Okay, this is a brand-new book. It's not even for sale until August (you can order it now, though). But it's a reprint of a early Beacon Books novel by Orrie Hitt that not many of you have read, I'll bet. And it's probably not what you think it is, either.
The novel's opening scenes make it appear that we're about to get a backwoods tale. A bill collector shows up at the Banners' house in the sticks. Pa owes money to plenty of people and usually talks his way out of paying until forced. Ma is lazy. Daughter Della is a hot number, who doesn't owe anyone and owns her own car. When they finally shake the collector, Della packs up and leaves for the city. She's had it with the life she's leading, and at age 20 she wants more. More means money, and she's determined to get it.
Through a series of events Della hooks up with Jack, a door-to-door roofing salesman. He thinks Della has what it takes to be a good canvasser, the one who hooks the suckers before he comes in to close the sale. He's right. And not only that, but Della learns the business so well and so quickly that she's soon a closer herself, and then a manager. You won't be surprised to learn that the pursuit of money doesn't always end well, but that's all I have to say about the plot.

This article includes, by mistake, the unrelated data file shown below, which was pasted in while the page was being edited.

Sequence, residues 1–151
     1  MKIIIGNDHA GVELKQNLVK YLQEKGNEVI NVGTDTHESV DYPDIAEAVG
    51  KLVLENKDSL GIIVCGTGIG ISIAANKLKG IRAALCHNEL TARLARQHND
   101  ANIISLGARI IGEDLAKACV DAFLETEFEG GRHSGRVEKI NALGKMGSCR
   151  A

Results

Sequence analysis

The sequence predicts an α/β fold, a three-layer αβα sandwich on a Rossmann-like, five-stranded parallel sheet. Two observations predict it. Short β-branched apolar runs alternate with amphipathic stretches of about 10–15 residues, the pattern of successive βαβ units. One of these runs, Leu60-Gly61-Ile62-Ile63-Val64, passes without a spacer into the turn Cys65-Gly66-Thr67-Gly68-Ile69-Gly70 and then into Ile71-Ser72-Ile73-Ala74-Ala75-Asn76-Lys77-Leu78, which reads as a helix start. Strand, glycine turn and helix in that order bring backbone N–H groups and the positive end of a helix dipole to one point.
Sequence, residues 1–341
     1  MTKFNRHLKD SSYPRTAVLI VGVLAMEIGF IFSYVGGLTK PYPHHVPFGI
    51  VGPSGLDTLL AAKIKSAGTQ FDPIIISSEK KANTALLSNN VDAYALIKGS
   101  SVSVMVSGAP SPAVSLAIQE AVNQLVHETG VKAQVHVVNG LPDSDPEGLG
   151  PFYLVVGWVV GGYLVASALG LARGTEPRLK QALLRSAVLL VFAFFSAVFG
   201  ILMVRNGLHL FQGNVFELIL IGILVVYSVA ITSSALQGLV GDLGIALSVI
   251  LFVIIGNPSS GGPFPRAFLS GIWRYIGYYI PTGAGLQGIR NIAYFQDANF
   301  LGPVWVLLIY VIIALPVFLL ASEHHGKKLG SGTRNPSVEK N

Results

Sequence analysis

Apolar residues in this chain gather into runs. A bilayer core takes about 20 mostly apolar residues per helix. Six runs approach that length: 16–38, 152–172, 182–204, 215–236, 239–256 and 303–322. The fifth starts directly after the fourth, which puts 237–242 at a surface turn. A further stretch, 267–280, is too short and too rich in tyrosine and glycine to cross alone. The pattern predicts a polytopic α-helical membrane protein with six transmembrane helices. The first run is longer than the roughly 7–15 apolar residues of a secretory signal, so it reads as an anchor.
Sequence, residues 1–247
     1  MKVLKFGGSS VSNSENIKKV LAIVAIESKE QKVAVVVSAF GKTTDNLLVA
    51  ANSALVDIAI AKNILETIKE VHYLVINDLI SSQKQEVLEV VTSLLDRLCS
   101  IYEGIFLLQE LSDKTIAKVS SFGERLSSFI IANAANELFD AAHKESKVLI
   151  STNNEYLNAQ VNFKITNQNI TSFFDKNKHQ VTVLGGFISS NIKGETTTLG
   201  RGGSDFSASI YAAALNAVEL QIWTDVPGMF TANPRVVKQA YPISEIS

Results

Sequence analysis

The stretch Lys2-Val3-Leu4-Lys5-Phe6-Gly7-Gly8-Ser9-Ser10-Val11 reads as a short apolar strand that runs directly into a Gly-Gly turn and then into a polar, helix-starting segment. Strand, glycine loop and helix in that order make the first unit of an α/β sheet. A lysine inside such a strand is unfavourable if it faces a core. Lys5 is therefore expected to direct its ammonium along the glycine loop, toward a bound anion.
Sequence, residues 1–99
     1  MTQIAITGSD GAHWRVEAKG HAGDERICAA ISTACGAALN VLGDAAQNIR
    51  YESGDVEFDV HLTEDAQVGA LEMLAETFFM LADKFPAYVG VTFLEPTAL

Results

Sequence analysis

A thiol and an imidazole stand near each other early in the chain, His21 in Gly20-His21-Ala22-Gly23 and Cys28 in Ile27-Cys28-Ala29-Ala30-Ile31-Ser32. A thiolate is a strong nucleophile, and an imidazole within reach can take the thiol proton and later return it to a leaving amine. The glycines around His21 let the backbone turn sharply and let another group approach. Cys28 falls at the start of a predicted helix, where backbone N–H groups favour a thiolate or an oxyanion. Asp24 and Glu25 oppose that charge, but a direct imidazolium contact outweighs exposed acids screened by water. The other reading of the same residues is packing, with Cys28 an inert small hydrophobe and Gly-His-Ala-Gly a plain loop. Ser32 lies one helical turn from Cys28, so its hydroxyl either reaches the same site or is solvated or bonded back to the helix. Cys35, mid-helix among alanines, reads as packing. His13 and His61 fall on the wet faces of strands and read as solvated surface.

The book itself if surprising in several ways. For one thing, it's a good deal longer than the usual sleaze novel. For another thing, it's not a sleaze novel. Sure, there are a few sex scenes, but they're quite brief and non-specific. What this is, is a noir tale of a smart woman who knows how to get ahead in a man's world and will do what it takes to get what she wants. Or what she thinks she wants.
I haven't read a great many books by Orrie Hitt, but this is the best one of the bunch, by far. It's a serious novel about business, with plenty of details. It has a well worked out crime scheme. If you've never read Hitt's work before, this would be a good place to start.